Australian Macroeconomic Data Beats Expectations, Aussie Unimpressed

The Australian dollar fell against its most-traded rivals today despite the better-than-expected domestic macroeconomic data. The Aussie, as well as other commodity currencies, continued to be dragged down by fears of the coronavirus that has originated in China but is now spreading across the world.
The Australian Bureau of Statistics reported that import prices rose by 0.7% in the December quarter of 2019, whereas analysts had expected the same 0.4% rate of increase as in the previous three months. Year-on-year, the prices rose by 1.4%. Petroleum, petroleum products, and related materials were the biggest contributors to the gain, rising by 3.8%. Fertilizers (excluding crude) demonstrated the biggest decline, falling by 6.5%.
Export prices sank by 5.2% in the last quarter of the previous year, though the drop was somewhat smaller than 5.4% predicted by analysts. The prices rose by 1.3% in the previous quarter. Year-on-year, export prices dropped by 4.1%. Metalliferous ores and metal scrap demonstrated the biggest decline, tumbling by 9.1%. Meat and meat preparations managed to avoid losses, gaining by 6.9%.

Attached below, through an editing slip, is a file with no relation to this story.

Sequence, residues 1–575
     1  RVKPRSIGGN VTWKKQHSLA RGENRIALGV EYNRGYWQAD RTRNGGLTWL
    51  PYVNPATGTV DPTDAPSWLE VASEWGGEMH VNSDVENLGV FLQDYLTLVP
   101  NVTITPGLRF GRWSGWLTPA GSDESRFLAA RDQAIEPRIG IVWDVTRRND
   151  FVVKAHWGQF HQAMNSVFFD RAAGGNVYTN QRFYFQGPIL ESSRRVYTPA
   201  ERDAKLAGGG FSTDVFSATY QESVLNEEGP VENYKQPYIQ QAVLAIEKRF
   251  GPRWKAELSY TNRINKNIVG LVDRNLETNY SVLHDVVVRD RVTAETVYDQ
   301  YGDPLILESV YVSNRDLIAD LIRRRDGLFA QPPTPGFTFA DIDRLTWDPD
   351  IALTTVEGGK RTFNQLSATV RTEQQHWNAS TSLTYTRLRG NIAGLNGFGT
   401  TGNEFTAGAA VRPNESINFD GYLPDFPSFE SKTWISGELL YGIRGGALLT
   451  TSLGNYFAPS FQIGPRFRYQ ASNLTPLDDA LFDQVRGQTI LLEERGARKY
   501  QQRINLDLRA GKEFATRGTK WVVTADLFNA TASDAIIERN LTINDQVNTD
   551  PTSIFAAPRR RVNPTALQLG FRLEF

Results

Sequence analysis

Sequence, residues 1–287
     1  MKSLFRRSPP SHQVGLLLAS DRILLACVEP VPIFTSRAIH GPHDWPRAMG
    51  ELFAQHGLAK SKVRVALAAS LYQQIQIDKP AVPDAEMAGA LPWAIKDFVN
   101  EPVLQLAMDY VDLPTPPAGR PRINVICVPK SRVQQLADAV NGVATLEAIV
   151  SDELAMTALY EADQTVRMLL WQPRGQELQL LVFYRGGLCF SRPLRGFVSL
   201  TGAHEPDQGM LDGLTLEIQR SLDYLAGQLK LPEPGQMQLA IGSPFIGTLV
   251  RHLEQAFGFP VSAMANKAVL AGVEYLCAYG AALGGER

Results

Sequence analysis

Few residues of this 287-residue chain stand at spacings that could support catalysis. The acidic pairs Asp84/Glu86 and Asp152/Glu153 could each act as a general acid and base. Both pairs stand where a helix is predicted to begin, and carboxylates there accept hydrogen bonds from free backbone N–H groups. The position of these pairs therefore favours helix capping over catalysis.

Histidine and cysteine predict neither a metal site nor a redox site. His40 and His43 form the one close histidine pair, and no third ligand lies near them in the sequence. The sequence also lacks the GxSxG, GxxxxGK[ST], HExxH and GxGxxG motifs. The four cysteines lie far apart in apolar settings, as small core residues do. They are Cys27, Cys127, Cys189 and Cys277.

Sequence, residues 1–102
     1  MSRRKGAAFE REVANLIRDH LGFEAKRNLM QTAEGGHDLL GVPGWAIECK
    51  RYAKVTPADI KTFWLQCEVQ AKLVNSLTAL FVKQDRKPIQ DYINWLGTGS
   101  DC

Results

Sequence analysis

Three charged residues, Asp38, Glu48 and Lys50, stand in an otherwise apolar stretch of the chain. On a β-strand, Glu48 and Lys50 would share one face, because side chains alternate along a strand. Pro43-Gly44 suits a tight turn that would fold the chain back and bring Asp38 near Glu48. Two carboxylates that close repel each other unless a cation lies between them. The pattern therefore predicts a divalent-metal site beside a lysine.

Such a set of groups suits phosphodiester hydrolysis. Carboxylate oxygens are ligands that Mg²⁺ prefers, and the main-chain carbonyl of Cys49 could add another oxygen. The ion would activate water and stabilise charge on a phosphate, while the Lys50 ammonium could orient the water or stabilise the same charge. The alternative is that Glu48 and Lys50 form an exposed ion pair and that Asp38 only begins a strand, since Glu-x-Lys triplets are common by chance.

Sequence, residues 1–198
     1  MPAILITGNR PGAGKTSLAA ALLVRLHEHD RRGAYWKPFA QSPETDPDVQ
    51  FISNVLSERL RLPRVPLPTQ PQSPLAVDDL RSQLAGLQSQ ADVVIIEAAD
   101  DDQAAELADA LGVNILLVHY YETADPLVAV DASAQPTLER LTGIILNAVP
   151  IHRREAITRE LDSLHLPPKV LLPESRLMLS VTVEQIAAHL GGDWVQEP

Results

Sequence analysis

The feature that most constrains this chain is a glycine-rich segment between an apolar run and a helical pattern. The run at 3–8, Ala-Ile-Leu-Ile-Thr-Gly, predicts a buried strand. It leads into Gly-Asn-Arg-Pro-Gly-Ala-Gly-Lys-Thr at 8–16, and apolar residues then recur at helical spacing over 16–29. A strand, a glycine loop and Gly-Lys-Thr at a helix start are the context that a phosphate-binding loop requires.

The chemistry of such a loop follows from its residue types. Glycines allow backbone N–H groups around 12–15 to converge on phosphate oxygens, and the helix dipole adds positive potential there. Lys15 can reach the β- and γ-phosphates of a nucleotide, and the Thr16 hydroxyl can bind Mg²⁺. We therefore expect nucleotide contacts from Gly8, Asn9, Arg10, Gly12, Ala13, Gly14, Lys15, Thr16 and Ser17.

Markets continued to be in a state of risk aversion due to fear of the spreading coronavirus. While it is still unclear what impact the disease will have on the global economy, most economists fear that it will be rather noticeable, especially in China. The Australian dollar, being linked to economic growth, reacted negatively to such a threat.
AUD/USD slumped from 0.6752 to 0.6724 as of 7:45 GMT today. EUR/AUD surged from 1.6298 to 1.6373. AUD/JPY tumbled from 73.58 to 73.18.

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